The announcement came hours after four bodies were found in a house on the city's east side, The Detroit News reported. Three men and a woman had been shot.
Bing said Wednesday that six mini-stations had opened that day and another seven are planned in the next three months.
"The mini-stations will make our communities safer and improve police-community relations," Bing told residents at the Butzel Family Center. "There's just too much crime in our city."
Detroit has long had a high crime rate. Recently, Flint, Mich., another decaying center of the auto industry, has had the highest homicide rate among cities with populations of more than 100,000 with Detroit in second place.
With 362 homicides as of Wednesday, Detroit's rate is one for every 1,970 residents. The total is close to that of New York, which has a much larger population and a homicide rate of one per 22,500 residents.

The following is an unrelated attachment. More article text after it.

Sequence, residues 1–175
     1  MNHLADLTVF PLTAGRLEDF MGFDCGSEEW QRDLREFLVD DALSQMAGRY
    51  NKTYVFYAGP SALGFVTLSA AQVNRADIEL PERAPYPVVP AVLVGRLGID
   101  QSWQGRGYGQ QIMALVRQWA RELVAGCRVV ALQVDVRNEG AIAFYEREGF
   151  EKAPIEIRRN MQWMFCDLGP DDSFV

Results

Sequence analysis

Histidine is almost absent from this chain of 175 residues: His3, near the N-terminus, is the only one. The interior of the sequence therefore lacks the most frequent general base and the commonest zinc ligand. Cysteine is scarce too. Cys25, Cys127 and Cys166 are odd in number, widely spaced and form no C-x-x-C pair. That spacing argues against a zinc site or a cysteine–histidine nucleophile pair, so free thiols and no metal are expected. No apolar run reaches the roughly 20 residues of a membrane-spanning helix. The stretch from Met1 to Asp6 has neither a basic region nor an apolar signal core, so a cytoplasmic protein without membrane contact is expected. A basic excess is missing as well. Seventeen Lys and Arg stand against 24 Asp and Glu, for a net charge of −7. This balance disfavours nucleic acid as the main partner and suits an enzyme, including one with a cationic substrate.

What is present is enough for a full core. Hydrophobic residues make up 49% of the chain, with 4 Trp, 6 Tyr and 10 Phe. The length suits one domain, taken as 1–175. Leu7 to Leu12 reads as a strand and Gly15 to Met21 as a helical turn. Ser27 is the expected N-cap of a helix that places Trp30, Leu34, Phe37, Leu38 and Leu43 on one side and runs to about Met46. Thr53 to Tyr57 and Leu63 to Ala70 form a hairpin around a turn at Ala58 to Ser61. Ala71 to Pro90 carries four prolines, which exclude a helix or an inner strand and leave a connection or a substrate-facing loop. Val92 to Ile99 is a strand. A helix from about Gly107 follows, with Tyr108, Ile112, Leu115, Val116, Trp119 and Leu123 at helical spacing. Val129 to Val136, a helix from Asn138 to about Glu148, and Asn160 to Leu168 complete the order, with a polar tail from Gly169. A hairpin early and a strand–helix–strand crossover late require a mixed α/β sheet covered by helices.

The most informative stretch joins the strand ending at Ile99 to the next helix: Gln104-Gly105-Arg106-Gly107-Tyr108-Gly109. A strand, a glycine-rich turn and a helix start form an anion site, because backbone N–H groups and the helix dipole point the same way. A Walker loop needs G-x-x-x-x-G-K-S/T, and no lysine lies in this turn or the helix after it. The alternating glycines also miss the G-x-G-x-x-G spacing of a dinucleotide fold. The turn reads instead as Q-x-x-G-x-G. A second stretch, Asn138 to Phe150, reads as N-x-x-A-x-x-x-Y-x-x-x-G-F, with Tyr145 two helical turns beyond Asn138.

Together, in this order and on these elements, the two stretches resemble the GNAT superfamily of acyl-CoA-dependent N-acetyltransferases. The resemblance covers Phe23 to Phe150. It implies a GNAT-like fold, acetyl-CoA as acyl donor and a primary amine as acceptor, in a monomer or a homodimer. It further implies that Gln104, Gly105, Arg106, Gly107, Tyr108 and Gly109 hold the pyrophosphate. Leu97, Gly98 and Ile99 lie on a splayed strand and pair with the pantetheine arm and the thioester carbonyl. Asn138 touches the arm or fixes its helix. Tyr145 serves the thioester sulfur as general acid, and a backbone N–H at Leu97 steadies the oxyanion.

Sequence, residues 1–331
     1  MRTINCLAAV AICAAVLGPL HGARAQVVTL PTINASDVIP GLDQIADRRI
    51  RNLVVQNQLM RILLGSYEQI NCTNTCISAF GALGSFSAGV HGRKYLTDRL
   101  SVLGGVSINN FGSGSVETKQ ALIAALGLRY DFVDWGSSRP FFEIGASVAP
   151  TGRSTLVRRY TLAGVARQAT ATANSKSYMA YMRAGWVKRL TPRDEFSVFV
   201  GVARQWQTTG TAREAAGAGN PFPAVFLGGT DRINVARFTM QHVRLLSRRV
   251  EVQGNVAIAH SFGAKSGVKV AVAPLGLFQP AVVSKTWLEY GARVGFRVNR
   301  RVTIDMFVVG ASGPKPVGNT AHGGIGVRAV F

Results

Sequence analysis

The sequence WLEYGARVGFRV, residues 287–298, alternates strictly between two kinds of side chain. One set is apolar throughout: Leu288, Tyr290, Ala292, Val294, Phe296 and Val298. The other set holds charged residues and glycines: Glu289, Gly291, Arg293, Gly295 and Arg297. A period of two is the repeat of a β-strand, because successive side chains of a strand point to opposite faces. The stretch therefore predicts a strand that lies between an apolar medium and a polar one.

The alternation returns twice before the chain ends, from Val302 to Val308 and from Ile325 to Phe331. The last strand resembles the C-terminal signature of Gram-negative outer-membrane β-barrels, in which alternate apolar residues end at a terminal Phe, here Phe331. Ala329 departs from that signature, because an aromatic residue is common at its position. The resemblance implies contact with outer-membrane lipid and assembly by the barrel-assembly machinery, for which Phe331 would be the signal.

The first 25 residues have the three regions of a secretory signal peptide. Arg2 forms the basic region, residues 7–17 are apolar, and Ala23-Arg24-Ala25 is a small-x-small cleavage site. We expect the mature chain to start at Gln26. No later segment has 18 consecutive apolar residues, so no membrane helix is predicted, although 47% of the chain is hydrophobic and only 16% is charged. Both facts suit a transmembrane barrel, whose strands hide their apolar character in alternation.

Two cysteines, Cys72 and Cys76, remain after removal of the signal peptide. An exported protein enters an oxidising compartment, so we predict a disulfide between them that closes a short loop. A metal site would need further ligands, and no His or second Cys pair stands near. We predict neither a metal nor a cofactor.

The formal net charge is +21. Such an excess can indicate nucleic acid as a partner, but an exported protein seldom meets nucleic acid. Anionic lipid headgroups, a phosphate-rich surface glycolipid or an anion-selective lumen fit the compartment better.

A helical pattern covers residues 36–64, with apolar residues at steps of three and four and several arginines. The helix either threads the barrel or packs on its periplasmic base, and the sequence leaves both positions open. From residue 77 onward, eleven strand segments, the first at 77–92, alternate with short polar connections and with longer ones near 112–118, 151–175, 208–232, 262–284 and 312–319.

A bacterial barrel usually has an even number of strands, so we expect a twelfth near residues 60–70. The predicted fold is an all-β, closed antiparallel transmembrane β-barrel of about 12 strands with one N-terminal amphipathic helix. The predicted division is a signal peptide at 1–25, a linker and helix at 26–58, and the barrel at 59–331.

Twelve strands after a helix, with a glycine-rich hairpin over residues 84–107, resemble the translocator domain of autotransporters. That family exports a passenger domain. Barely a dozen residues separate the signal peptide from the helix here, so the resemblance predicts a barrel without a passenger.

In October, a Detroit News poll found that crime tops the list of concerns in the city and that 40 percent of Detroiters hope to move elsewhere within five years.
"There are problems all over this city," Charles Rattee, who lives on the east side, told the News. "The bad economy is partly to blame for all the crime, but I also think it's the people in charge. There's a lot of mishandling, and a bunch of ignorant smart people running things."
Police, like other city employees, have seen their pay cut 10 percent as Detroit struggles to balance its budget. The police chief recently quit amid a scandal, and city officials refused to approve a contract with an outside firm to search for a new chief because of the cost.
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